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'Equivalent To Park Avenue': New Jersey Industrial's Towering Barriers To Entry

Everyone wants a piece of New Jersey’s industrial real estate, but there are precious few opportunities for those who don’t already have a foot in the door.

Tritec Real Estate's Jim Coughlan, HFF's Jose Cruz, AvalonBay's Christopher Capece and ERG's Andrew Walsh

On the national and global level, the industrial market has been subject to a growing number of mergers, acquisitions and large portfolio trades.

Virtually all of them contain at least some properties in New Jersey, but below that lofty part of the market, attaining scale in the region is an arduous process.

“There are a lot of people looking to make their first play in this area, and it’s tough to do it in a single transaction,” JLL Senior Managing Director Jose Cruz said. “So you need a sizable enough portfolio to make it worthwhile … [but] we haven’t seen as many Jersey-centric portfolios in the market as we’d like.”

A small minority of New Jersey’s total industrial square footage changes hands from year to year, due to the high portion of long-term private owners happy to hold their well-performing properties indefinitely, according to CBRE Executive Vice President Brian Fiumara.

With the way rents have been growing, an approaching lease renewal is enough to justify higher yield projections, and the more favorable financing terms they can produce — at least for now.

“If we’re at a point in the cycle where private ownership thinks it’s at a peak and wants to monetize [its assets], you could see some investors that own just a handful of buildings consider selling,” Fiumara said.

Though the trade war with China has directly affected the shipping industry and caused some fears that a recession is on the horizon, the demand drivers for industrial are rooted in the growth of e-commerce and the changing shape of retail.

The perception that the market is undergoing a change not tied to any cycle has drawn institutional investors like pension funds and insurance companies to the sector at previously unheard-of levels.

Without a suitable number of local portfolios to buy, large enough investors are forced to think bigger with their acquisitions. Local or regional players are often using their boots-on-the-ground advantage to find value in doing the opposite.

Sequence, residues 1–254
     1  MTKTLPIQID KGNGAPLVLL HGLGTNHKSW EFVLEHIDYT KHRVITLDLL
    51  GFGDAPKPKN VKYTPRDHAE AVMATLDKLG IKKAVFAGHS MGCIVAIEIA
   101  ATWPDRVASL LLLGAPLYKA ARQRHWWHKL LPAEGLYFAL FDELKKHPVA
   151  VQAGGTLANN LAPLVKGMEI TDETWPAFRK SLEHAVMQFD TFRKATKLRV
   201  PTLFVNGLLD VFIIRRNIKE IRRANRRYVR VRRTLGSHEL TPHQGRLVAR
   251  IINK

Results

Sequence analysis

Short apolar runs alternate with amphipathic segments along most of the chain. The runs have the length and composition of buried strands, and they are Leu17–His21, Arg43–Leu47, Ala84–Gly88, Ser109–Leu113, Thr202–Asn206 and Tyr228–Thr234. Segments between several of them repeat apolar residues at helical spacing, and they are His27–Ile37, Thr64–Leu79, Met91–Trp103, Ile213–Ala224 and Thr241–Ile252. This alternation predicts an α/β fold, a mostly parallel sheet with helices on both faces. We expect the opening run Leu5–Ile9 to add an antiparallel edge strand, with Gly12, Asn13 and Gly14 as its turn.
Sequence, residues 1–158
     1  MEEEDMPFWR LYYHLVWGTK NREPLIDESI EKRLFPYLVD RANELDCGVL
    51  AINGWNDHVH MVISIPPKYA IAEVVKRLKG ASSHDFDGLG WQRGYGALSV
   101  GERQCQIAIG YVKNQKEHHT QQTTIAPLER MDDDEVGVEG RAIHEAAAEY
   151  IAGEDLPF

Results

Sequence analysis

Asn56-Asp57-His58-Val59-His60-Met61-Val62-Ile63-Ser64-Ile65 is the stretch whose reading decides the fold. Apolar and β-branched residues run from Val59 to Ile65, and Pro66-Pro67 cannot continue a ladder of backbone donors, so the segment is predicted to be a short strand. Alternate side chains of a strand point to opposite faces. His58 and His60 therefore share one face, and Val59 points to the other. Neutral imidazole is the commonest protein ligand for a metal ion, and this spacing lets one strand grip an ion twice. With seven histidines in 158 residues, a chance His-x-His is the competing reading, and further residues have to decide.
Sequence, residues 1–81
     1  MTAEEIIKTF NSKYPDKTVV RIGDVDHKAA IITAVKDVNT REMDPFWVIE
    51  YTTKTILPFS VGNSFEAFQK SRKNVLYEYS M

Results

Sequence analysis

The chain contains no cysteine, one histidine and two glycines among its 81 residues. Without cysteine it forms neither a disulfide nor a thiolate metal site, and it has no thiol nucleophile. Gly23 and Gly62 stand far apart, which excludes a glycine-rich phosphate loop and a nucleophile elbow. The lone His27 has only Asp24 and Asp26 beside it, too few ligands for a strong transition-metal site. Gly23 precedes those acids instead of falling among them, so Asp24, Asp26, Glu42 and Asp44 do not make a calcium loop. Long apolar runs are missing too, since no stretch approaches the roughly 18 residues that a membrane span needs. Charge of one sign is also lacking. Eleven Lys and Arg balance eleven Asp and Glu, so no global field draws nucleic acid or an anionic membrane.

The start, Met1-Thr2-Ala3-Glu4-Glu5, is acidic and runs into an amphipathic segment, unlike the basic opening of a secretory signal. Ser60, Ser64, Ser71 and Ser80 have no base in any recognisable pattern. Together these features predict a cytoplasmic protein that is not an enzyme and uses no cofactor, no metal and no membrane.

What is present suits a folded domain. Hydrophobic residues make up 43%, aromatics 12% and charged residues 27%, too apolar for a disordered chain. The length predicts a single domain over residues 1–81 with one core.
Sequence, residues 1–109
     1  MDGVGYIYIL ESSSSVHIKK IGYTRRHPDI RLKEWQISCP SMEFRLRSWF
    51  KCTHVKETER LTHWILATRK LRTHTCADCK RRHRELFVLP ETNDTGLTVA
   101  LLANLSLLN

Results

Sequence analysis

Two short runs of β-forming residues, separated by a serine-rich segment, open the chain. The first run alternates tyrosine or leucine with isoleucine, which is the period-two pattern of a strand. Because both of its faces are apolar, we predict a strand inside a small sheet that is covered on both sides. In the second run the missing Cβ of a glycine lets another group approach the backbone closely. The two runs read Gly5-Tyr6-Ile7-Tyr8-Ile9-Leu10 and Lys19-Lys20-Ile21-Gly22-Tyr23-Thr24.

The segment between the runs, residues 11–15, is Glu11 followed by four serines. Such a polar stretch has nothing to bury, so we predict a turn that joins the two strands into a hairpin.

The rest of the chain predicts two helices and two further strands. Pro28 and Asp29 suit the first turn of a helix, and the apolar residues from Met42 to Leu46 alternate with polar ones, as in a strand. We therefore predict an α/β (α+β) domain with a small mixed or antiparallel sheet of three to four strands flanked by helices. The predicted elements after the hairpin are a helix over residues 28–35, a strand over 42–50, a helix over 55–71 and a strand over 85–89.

“You either need to build through one-off aggregation acquisitions, or you need to be a massive player like a Prologis or Blackstone that bought into New Jersey through national portfolios,” Fiumara said.

Lincoln Equities Group President Joel Bergstein, Liberty Property Trust Regional Director Jim Mazzarelli, HFF Senior Managing Director Jose Cruz, RSM partner Troy Merkel and Skoloff & Wolfe partner David Wolfe

Because the heavy hitters (and the capital sources that finance them) have such confidence in the strength of core industrial markets like Northern New Jersey, they are accepting thinner margins and lower returns as the price of admission. 

“Cap rates over the last 12 months on Class-A industrial properties have continued to tighten,” Lincoln Equities Group President Joel Bergstein said. “If we were at 4.75% cap rates last year [in New Jersey], we’re probably closer to 4% this year, and much of that is tied to the fact that most institutional investors are under-allocated in the industrial market.”

With institutional investors fighting over whatever isn't held by legacy owners, cap rates below 5% and the acceptance of lower return for a safer bet, New Jersey industrial is beginning to resemble the Manhattan office market.

"If you buy a fully stabilized core asset that’s been there for a while and it’s low risk, people are willing to take a lower return because it’s irreplaceable," Bergstein said. "It's an industrial equivalent to Park Avenue."

With the Federal Reserve lowering interest rates, larger players with access to friendly lines of financing have another advantage.

"For buyers using leverage, the cost of borrowing might mean that the return is not so different [with lower cap rates],” Bergstein said. “It’s a good assumption that Blackstone is borrowing at a better rate than I can.”

Aside from deals that might not pop up on a giant's radar, local players may need to take on more risk to beat out a Blackstone for a property. That could mean paying more or buying a property at an earlier phase of development when more variables are in play, Bergstein said.

Buyers have to be willing to get creative in order to find their way into the New Jersey market. This month, Colony Industrial bought into a joint venture with long-time regional owner Hampshire Real Estate Cos. on a portfolio of over 30 New Jersey properties, to be the preferred capital partner on any further acquisitions from Hampshire, according to Fiumara, whose CBRE team brokered the deal.

The specifics are hard to duplicate, but indicative of just how desperate some are to land their capital in the market, and the challenges they face.

"The challenge has been finding the product to take to market," Cruz said. "No one wants to sell because of the difficulty in finding new opportunities."